Coast Guard Auxiliary Joins The Fight Against Aquatic Nuisance Species
by Wayne Spivak, ADSO-CS 1SR, United States Coast Guard Auxiliary
We're at war, and you're probably
not even aware of the enemy. I'm sure you don't even know that the
enemy has been here for years, and that their foothold is growing
stronger than ever. The enemy has been dubbed the ANS.
Aquatic Nuisance Species
Aquatic nuisance species (ANS)
(which are also non-indigenous species (NIS)) are marine animals that
have been introduced into non-native or foreign eco-systems. The
separate classification of ANS marks a significant difference between
NIS animals and ANS animals.
While NIS animals, whose
introduction into the eco-systems of our waters sometimes has had
positive economic and/or ecological impact, those of the variety which
have been called ANS, have not. An example of positive introduction of
a species is the Japanese oyster on the Pacific Coast of North
America. These animals have formed the basis of a strong, vibrant aqua
cultural economic boom.
However, the introduction of the
zebra mussel has had disastrous results. This species out-competes
native mussels in the Great Lakes for food and location. The rate at
which this animal reproduces has caused millions of dollars in damage
to boats, power plants and water supplies by encrusting and ultimately
decreasing or closing off intake pipes.
Introduction - Ballast Water
The majority of NIS animals are
introduced into our country's eco-system through ballast water.
Hundreds of thousands of gallons of fresh, brackish or open ocean
water has been used by vessels as ballast. This ballast is then dumped
into our ports.
Bacteria, small mussels, marine
plant life, and fish are found in the ballast water. However, these
NIS are just that - non-native species. Many ANS species and NIS are
found in a single commercial vessel.
So how does this impact the
recreational boater? Part of the NISA was the requirement that
regulations be promulgated for the prevention and control of zebra
mussels and other aquatic nuisance species from spreading via the
millions of recreational boats used in the United States. Again, NISA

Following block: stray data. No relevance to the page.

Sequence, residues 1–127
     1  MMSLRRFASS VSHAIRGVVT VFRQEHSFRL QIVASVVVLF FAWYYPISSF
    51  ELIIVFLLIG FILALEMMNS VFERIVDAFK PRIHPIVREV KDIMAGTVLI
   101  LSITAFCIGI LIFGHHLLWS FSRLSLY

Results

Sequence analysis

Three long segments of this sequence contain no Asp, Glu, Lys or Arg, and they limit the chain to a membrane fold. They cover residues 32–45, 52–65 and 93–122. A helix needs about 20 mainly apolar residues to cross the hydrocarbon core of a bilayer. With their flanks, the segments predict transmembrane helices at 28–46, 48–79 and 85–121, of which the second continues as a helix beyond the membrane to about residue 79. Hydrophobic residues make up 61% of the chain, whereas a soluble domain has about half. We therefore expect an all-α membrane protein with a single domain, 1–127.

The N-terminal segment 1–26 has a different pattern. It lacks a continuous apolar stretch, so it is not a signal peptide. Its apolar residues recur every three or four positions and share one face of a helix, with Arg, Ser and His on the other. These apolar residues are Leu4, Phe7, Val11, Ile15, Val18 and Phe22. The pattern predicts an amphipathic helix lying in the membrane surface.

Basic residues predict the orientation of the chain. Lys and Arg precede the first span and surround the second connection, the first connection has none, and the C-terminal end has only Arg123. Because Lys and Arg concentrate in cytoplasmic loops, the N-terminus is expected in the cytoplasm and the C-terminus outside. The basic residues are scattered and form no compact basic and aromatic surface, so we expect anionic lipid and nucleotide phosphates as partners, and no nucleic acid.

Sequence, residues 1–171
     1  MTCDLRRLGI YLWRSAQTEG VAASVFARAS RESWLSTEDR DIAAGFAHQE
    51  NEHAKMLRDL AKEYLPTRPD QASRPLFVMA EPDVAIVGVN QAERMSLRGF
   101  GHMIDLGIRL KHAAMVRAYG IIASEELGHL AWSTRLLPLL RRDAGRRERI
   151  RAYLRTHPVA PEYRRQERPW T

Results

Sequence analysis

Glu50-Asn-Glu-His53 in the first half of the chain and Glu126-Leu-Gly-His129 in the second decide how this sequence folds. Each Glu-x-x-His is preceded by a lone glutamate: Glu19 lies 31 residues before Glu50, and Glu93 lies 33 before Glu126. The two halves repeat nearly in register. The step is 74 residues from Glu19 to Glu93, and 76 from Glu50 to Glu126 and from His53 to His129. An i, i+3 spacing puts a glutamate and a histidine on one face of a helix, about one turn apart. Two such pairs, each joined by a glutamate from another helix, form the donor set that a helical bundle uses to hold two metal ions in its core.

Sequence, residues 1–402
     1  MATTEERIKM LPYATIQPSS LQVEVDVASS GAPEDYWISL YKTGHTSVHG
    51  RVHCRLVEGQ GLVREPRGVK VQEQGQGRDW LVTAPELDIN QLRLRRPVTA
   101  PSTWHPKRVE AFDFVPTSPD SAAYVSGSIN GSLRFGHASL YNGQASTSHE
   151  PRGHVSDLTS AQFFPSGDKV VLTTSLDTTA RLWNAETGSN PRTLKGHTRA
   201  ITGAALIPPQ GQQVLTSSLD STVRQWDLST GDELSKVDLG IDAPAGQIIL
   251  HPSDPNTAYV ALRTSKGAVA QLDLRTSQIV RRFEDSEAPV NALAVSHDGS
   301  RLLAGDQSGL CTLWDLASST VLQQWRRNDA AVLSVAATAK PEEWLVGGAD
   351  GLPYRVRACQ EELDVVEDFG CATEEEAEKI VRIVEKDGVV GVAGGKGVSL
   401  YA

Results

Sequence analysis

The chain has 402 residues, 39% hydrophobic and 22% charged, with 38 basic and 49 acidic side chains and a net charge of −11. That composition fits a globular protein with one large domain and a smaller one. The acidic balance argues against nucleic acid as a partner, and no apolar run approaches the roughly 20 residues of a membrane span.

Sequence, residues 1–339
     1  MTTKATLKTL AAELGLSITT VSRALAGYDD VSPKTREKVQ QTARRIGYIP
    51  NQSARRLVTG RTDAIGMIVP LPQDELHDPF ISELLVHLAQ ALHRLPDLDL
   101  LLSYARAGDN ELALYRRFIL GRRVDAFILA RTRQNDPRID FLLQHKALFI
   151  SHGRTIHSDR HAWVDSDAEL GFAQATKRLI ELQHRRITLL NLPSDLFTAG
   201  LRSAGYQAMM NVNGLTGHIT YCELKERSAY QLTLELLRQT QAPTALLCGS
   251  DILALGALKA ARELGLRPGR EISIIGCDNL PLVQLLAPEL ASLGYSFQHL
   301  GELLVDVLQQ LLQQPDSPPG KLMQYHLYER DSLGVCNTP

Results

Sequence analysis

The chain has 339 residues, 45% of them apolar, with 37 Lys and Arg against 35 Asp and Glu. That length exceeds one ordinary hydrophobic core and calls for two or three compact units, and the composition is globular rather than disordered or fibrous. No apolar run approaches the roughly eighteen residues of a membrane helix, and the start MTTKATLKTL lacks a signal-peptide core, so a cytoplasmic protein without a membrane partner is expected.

tasked the United States Coast Guard with this mission.
Let's take the zebra mussel. These
pesky and potentially dangerous ANS are also very resilient and
innovative. They are like relatives that come to stay, and never
leave. Once a marine vessel, be it a boat, a trailer, a SCUBA tank
comes in contact with a zebra mussel, that mussel attaches itself to
the item. These animals will live for more than 4 days out of water!
So, if you trailer your boat from
one body of water to another, and don't take precautions, you can
potentially be introducing this pest to a new environment. And it's
not just trail boaters who need to be concerned. Here is a list of
potential carriers of these pests:
recreational anglers (fisherman)
boats (trailer and non-trailer
sail boats (all types including
Here are some general guidelines
on protecting the environment from ANS infestation.
Inspect all equipment that has
been in contact with the water for "hitchhiking" organisms. Search
out, and remove any animals or plant materials that might be
clinging to the equipment.
All equipment should be dried
for at least 5 days before placing it into another body of water.
Use of hot water and
high-pressured water is suggested to remove any organisms.
Never release live bait taken
from one body of water, into another.
PWC: All engines should be run
for 5 to 10 seconds after removing them from the water to blow out
water and vegetation from intake and exhaust manifolds and pipes.
Clean rudders, fishing
equipment, inspect and bathe your dog(s).
- Drain all water from your equipment.